Good friend and author, Scott Roche, is also a rather ambitious fellow. He’s recently launched an effort to catalogue the podcasts and podcasters out there, as an independent, community-driven effort. I’ve signed up, and maybe I can help — maybe you can too!
This effort is sparse, at the moment, but could grow, with effort and participation. It is the Internet Podcast Database (IPDB). (Scott has suggested that things will be moving soon to PodcastDatabase.com, so I’ll include that link as well.)
I’ve lamented continuously about the lack of real discovery and management tools we have for podcasts, so I won’t rehash that topic. Sadly, despite the break I’ve taken from publishing here, nothing really dramatic seems to have happened.
One thing I’ve never really talked about here is Stitcher, or the various other on-device podcatchers. Mostly, that’s out of ignorance and a lack of time to remedy it, but also because I confess a certain aversion to the concept of end-device podcast management. Some are quite happy to separate the collection of podcasts from their central home computer or laptop — mostly, I suspect, because it frees you from using the stagnated singular leading product in the market, iTunes. Given the growth in processor power and storage on portable devices, as well as their role in day-to-day activities formerly associated with desktop computer use growing (email, web browsing, messaging, gaming, etc), it’s a trend that’s likely to continue.
But it leaves power-users like myself a bit in the dust. I can’t possibly store the unheard episodes of the podcasts I’m already subscribed to on any portable devices on the market, nor would I want to subject myself to podcast playlist management on a screen barely big enough to handle my sausage fingers.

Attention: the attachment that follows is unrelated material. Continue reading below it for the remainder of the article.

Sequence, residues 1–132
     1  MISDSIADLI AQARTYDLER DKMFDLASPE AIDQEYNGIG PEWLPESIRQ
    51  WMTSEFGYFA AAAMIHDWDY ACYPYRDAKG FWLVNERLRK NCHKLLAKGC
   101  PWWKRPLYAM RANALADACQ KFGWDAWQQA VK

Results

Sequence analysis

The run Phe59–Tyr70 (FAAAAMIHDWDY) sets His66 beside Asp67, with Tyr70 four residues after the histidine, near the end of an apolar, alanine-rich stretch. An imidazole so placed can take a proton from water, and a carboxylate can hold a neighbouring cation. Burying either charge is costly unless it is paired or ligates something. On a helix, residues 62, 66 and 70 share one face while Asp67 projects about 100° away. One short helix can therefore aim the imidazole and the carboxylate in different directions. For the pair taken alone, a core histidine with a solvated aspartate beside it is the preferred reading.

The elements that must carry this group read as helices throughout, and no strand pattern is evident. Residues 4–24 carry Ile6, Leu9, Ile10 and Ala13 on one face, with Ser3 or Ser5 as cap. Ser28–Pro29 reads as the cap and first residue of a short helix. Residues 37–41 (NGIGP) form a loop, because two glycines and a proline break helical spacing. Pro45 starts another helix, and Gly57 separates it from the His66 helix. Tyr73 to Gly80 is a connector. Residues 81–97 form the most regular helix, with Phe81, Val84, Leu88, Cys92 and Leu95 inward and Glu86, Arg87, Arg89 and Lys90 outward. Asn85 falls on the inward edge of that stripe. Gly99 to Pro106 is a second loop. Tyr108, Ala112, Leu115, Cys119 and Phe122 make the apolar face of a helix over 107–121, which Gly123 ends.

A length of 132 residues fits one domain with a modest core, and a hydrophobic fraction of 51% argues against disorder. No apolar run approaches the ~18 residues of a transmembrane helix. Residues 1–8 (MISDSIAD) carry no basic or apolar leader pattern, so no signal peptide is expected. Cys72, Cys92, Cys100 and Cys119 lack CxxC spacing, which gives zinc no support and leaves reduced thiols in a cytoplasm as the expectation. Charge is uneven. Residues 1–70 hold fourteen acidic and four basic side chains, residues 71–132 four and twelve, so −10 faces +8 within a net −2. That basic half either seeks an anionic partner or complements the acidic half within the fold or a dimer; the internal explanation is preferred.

(Side note: bring back physical buttons, dammit!)
I also wonder about the history of a podcast being appreciated when you put in on a compressed device. There are podcasts I’ve collected for a “rainy day” of listening. Others which had their run, podfaded, and have now become complete volumes on my “podshelf”, to be brought down, dusted off, and enjoyed when I have a lull in other programs, much like I will pick up a book from my bookshelf that hasn’t yet been written. There are other podcasts which I will complete but not delete; rather, I put them back on the podshelf to enjoy again at a later date. This is particularly true of fiction podcasts, but there is a class of “timeless” podcast which includes non-fiction as well.
And finally, there is the biggest problem of all: podcasting silos, otherwise known (crudely) as the creation of a vertical marketplace. Each of these end-device applications has it’s own database of podcasts, which is created either through the googlescraping of podcasts and defunct directories, or must be submitted to by overworked podcast producters who have to somehow keep on top of every nickel-and-dime-store podcasting application creator’s product release.
So, instead of really solving a problem, for example, the issue of iTunes being a “walled garden”, you have, instead, the creation of a panoply of walled gardens, or the creation of the “podcasting walled garden” as a category of thing, and instances replicated throughout these applications.
So, I laud Scott’s effort for an independent body of knowledge, free of individual applications. It’s form is that of a wiki at present, and it is a community-driven effort, but I suspect it may transform into a form of directory at some point. With luck, it will survive the transformation with the lessons of the past failed and faded directories, and provide a resource that can automatable connections to software. With luck, we’ll see the offspring of such a project be the podcast directory service equivalent of what RSS is to podcasts; that is, an organizing principle which is metaphorically accessible and machine-readable.